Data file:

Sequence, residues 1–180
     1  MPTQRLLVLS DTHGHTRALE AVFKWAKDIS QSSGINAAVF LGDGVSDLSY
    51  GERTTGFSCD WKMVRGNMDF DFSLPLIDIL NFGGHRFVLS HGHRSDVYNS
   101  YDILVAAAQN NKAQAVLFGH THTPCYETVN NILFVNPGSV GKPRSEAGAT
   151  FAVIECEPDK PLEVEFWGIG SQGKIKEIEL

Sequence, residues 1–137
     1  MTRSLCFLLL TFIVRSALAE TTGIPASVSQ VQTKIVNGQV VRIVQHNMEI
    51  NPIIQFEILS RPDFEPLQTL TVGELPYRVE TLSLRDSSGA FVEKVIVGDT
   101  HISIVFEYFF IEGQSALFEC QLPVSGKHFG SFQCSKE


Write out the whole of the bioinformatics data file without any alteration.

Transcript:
Sequence, residues 1–180
     1  MPTQRLLVLS DTHGHTRALE AVFKWAKDIS QSSGINAAVF LGDGVSDLSY
    51  GERTTGFSCD WKMVRGNMDF DFSLPLIDIL NFGGHRFVLS HGHRSDVYNS
   101  YDILVAAAQN NKAQAVLFGH THTPCYETVN NILFVNPGSV GKPRSEAGAT
   151  FAVIECEPDK PLEVEFWGIG SQGKIKEIEL

Sequence, residues 1–137
     1  MTRSLCFLLL TFIVRSALAE TTGIPASVSQ VQTKIVNGQV VRIVQHNMEI
    51  NPIIQFEILS RPDFEPLQTL TVGELPYRVE TLSLRDSSGA FVEKVIVGDT
   101  HISIVFEYFF IEGQSALFEC QLPVSGKHFG SFQCSKE